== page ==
These underwater plants are very important to the pond ecology. They contribute to clear water and are sometimes referred to as “nature’s filter”. To be the most effective, they should be stocked at the rate of one bunch per one to two square feet of pond surface area or one bunch for every 12 to 24 gallons of water.
Typical planting method for submerged plants is to hold the base of the plant down, using gravel or stone in a pot. They must be held down because they are buoyant. Since it is an unnatural growing position, they are not nearly as effective floating on the top of the water.
Besides helping water quality, these plants provide cover and protection for adult and baby fish. Goldfish will spawn on these plants, attaching eggs to the foliage where they soon hatch. Fish fry will be hide from adult fish among the plant’s leaves until they can grow large enough to fend for themselves. Stock early to be able to get all benefits of these important plants. Each plant cools the water by making shade. Stick your hand into the plant on a hot summer day and feel the difference in temperature.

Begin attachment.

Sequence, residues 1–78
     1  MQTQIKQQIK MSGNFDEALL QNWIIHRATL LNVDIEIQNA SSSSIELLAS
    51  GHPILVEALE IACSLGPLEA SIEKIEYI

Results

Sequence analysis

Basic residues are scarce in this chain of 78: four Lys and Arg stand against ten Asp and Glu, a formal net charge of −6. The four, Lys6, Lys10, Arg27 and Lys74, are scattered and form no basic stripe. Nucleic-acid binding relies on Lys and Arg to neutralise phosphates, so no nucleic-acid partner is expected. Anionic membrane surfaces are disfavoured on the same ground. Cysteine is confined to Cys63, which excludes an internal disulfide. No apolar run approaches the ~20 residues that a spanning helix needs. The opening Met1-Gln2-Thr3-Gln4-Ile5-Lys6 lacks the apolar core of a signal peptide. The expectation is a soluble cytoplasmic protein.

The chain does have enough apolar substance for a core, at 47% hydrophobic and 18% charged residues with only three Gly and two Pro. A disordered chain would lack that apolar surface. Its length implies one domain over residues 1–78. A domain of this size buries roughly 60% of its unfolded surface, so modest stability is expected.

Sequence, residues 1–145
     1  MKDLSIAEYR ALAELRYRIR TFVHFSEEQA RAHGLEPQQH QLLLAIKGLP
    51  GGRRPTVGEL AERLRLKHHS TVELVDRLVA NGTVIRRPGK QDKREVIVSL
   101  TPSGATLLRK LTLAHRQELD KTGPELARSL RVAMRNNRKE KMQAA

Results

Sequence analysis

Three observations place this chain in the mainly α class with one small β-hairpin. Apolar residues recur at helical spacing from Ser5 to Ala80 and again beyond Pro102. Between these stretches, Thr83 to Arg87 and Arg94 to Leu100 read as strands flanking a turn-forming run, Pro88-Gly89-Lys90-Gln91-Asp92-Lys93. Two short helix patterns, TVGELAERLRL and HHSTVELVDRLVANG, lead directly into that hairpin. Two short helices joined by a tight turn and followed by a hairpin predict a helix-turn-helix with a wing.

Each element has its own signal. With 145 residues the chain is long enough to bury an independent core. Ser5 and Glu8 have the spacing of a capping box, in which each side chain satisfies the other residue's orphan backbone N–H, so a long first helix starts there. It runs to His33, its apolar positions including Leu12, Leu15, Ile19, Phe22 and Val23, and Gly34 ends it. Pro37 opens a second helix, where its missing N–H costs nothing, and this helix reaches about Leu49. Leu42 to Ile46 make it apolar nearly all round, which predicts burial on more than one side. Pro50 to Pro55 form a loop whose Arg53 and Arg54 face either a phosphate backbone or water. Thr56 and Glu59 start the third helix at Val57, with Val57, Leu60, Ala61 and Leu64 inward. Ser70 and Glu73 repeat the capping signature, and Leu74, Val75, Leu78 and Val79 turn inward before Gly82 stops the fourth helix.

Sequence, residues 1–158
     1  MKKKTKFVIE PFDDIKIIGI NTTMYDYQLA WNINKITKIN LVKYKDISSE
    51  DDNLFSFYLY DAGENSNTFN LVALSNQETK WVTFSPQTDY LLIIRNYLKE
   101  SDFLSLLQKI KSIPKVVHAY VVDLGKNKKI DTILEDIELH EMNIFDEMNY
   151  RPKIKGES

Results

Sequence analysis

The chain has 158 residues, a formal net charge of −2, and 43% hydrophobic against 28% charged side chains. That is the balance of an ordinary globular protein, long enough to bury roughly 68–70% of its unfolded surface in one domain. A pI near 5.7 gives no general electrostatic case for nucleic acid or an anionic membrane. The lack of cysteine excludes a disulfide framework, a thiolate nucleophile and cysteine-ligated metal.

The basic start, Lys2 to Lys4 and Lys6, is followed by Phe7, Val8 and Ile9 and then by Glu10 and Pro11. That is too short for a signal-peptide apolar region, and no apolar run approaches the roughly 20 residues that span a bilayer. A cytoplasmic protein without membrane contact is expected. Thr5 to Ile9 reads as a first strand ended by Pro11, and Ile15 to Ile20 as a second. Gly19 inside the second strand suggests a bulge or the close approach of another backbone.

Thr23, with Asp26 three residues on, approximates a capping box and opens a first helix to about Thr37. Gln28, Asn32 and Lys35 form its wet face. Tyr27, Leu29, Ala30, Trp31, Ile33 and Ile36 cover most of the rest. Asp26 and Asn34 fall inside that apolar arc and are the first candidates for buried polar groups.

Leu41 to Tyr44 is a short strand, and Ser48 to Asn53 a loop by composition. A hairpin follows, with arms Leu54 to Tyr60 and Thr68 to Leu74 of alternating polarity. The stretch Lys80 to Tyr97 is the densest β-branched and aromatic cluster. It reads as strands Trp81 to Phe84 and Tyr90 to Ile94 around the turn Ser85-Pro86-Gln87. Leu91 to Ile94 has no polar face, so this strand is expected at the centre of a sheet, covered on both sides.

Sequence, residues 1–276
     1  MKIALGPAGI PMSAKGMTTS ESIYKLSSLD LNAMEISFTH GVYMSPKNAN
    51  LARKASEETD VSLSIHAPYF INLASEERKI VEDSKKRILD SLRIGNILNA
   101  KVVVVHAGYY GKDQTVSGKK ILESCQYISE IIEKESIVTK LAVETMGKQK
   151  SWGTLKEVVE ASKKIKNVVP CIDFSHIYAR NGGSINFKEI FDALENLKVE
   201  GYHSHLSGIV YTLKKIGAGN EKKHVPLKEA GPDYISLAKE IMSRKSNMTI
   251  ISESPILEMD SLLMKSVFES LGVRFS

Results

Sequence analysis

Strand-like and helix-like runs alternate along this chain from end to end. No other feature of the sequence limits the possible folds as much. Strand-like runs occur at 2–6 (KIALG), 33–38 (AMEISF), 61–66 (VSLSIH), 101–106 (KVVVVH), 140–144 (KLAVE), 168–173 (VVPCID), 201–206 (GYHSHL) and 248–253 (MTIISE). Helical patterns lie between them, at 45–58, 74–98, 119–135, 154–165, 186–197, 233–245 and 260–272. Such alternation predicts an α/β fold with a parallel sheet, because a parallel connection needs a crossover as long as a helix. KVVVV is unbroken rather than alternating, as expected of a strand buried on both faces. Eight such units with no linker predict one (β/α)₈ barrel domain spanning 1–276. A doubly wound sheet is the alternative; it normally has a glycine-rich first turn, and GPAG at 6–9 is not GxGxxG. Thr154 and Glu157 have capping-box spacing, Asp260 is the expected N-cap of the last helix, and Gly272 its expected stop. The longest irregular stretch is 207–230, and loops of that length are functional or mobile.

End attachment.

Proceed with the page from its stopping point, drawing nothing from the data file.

Submerged oxygenator plants, like Anacharis and Hornwort, are sold as bare root cuttings, the stems held together by a rubber band. The plants must be planted in a pot of gravel or weighted to the bottom with larger stones, so they can take nutrients from the pond directly through their foliage.